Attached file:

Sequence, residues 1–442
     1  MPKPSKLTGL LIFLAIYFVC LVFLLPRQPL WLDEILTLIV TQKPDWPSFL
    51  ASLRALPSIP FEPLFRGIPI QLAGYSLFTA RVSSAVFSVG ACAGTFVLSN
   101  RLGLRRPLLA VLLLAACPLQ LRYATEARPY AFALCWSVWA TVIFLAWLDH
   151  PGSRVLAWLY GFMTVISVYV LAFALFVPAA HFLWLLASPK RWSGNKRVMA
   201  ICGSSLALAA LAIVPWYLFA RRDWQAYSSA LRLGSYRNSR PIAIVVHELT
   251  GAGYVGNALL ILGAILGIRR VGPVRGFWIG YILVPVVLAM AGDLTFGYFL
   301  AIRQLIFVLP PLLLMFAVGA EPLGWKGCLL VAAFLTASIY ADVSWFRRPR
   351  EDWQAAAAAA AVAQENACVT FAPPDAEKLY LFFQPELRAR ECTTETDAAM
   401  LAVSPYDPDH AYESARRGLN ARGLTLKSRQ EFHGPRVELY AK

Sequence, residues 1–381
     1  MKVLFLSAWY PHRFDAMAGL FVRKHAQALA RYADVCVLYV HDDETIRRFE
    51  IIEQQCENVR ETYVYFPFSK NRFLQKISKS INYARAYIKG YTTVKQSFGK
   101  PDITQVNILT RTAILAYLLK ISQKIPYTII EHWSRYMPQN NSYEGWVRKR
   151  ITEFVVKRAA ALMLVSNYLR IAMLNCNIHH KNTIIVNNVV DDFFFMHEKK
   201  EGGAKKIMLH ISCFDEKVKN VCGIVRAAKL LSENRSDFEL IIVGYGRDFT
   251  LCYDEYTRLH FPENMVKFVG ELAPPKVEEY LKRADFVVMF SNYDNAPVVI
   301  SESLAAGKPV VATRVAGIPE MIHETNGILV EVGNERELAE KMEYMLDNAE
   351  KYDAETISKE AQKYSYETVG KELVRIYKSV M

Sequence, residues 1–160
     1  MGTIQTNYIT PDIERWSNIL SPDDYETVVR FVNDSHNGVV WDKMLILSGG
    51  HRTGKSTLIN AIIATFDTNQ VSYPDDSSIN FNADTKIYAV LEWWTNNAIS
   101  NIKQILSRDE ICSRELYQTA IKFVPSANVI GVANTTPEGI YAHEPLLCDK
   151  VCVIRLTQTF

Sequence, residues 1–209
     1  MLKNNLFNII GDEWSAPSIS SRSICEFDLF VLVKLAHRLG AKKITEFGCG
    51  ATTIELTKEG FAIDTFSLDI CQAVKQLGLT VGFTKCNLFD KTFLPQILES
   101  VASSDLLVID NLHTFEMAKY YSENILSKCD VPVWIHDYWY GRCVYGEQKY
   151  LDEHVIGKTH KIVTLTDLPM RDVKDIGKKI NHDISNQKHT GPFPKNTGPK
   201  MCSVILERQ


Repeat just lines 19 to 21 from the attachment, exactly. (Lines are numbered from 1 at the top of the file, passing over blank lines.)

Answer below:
   351  KYDAETISKE AQKYSYETVG KELVRIYKSV M

Sequence, residues 1–160
     1  MGTIQTNYIT PDIERWSNIL SPDDYETVVR FVNDSHNGVV WDKMLILSGG